WASHINGTON – House and Senate lawmakers unveiled their revised annual national defense policy and spending bill late Tuesday, going $45 billion above the Biden administration’s initial ask from March.
Congress is expected to vote Thursday on the $857.9 billion National Defense Authorization Act, which would boost spending on key weapons systems to keep pace with China’s rapidly advancing military — as well as replenish the Pentagon’s dwindling stocks after months of sending military aid to Ukraine.
The bill also makes key policy changes, increasing troop pay by 4.6% and funding a force of 452,000 soldiers, 354,000 sailors, 325,344 airmen, 177,000 Marines and 8,600 Space Force guardians.
It would also nix Defense Secretary Lloyd Austin’s August 2021 mandate that all service members be vaccinated against COVID-19 or face involuntary discharge. The White House opposed the latter, but 13 GOP senators vowed not to pass the annual spending bill if the shot order was not rescinded.
“This year’s agreement … focuses on the most vital national security priorities for the United States, including strategic competition with China and Russia; disruptive technologies like hypersonic weapons, artificial intelligence, 5G and quantum computing; modernizing our ships, aircraft and vehicles; and improving the lives of our service members and their families,” members of the House and Senate Armed Services committees said in the bill’s summary.
The legislation would assign $1 billion to resupply the national defense stockpile with “strategic and critical materials required to meet defense, industrial and essential civilian needs,” according to its executive summary. It would also order the stockpile’s manager to brief Congress on “strategic and critical materials shortfalls.”
The US has sent Ukraine nearly $20 billion in military aid since President Joe Biden took office last year – most of which was given after Russia invaded the country on Feb. 24. The new bill would authorize the US to send Ukraine another $800 million in aid over fiscal year 2023 – about $500 million more than the Pentagon requested.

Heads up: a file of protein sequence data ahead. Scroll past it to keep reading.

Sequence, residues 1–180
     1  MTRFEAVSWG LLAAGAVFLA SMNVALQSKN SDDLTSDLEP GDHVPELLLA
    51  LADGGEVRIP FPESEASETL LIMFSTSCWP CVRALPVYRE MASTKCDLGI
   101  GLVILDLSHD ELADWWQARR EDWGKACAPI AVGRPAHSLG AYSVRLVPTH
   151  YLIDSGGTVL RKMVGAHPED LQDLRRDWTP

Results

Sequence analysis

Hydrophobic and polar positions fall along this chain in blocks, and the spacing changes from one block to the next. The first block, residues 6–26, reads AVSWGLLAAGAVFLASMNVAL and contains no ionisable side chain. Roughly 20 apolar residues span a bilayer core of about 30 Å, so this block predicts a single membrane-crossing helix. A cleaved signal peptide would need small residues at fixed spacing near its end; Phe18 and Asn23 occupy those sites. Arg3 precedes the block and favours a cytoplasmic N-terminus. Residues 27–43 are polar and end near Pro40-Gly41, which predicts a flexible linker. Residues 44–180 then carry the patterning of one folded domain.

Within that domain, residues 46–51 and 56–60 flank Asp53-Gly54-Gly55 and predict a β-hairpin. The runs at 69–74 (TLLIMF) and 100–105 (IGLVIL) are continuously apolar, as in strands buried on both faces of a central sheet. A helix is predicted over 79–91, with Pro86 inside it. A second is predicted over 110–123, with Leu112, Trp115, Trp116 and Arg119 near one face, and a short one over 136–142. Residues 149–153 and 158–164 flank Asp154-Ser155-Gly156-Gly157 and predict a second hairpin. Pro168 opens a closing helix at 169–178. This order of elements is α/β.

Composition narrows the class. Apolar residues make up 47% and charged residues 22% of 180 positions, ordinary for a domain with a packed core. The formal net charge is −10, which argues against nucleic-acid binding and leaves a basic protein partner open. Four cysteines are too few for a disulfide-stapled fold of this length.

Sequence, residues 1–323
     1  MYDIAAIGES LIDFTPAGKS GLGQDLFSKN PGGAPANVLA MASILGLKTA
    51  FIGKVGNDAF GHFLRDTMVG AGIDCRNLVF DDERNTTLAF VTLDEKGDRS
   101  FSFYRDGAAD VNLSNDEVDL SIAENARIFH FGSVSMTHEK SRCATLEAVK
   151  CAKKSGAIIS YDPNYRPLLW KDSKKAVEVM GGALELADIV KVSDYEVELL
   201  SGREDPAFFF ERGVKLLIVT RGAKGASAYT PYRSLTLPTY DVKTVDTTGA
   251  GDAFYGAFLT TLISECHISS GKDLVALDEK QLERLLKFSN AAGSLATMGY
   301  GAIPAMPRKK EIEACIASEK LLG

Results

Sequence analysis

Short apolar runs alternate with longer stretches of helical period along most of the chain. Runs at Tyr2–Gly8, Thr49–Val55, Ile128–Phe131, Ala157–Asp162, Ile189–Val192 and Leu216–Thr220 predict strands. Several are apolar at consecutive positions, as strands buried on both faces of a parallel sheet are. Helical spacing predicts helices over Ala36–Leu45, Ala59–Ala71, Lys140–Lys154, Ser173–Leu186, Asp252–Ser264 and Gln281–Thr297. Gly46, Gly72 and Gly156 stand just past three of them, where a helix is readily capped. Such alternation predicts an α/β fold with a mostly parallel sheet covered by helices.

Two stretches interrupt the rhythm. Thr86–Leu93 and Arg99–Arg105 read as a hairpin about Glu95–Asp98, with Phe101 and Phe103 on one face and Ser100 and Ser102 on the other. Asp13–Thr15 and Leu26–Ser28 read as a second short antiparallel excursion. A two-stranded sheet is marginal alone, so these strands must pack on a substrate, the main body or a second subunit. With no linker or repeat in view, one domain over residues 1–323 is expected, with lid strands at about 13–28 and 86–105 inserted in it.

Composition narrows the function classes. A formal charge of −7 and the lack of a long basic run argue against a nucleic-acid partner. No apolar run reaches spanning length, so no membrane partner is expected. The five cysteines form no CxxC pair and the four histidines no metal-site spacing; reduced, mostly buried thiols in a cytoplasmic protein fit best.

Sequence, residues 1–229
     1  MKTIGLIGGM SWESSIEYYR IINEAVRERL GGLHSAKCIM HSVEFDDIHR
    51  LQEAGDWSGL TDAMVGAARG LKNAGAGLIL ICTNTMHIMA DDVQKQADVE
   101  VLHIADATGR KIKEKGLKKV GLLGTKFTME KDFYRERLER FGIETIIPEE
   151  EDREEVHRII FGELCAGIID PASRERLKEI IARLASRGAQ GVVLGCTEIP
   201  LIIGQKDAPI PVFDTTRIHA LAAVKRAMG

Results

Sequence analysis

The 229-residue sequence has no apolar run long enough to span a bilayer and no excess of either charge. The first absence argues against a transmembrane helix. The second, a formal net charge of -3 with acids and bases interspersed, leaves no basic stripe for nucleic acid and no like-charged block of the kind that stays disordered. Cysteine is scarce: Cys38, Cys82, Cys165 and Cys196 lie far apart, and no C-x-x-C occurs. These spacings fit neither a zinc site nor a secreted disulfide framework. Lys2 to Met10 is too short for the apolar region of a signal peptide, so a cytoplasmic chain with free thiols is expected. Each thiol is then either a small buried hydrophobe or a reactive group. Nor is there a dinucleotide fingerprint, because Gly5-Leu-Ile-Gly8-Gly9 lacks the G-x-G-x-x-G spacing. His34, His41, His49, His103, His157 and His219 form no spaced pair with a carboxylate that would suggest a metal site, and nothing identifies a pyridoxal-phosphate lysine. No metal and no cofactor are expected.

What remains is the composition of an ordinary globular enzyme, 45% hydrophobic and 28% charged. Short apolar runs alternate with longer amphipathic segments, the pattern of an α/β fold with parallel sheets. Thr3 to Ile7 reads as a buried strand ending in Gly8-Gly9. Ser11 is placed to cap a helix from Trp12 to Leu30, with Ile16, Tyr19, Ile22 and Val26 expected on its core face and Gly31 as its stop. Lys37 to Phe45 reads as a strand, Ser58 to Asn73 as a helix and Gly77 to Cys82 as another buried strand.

“[The bill] expresses the sense of Congress that the United States must continue to assist Ukraine in its fight against the unjust and unprovoked attack by Russia,” the committees wrote.
The bill also calls for more than $2.7 billion to boost the defense industry’s capacity to produce munitions and weapons systems. The industry has struggled to meet delivery timelines as Russia’s invasion grinds on, and the bill would also order a study of industry production needs “to meet steady-state and surge requirements for propellants and explosives.”
The bill also directs money toward deterring potential war with Communist China. For example, it would direct the Pentagon to study future military needs in Hawaii, such as training areas, land-force ranges and other facilities “in light of posture changes in the Indo-Pacific region.”
It would also give $11.5 billion to the Pentagon’s Pacific Deterrence Initiative, whose funds are directed at investments in countering the China threat.
The bill also authorizes $32.6 billion for Navy shipbuilding – up $4.7 billion from last year. The Navy in March asked to build just nine more ships and cut 24, but the bill calls for 11 new ships and slashes the kill-list by half.
The 2018 NDAA ordered the Navy to achieve a 355-ship fleet “as soon as practicable,” but the service has made little progress toward that goal. The Navy had a total force of about 293 ships as of its latest update last week, while China has about 350 vessels with plans to build dozens more.
Congress and the Navy for years have been at odds over ship totals, with the sea service regularly campaigning to cut platforms, such as littoral combat ships, to afford advanced technologies. The idea is largely rebuked in Congress, which argues the LCS – first developed in 2008 – is too young for retirement.
Not all of the funding would go to the Pentagon. The bill also directs $30.3 billion to the Department of Energy, which oversees the nation’s nuclear weapons program. In addition to funding the roughly 5,428 nuclear warheads in the current US supply, it would support research and development of new systems to modernize the aging stockpile.
That’s particularly important as China is on pace to to grow its nuclear stockpile from its current 350 to at least 1,000 warheads by 2030, according to the Pentagon’s 2022 Nuclear Posture Review published in October.
“At a time of rising nuclear risks, a partial refurbishment strategy no longer serves our interests,” the document said. “We must develop and field a balanced, flexible stockpile capable of [keeping up with] pacing threats, responding to uncertainty, and maintaining effectiveness.”
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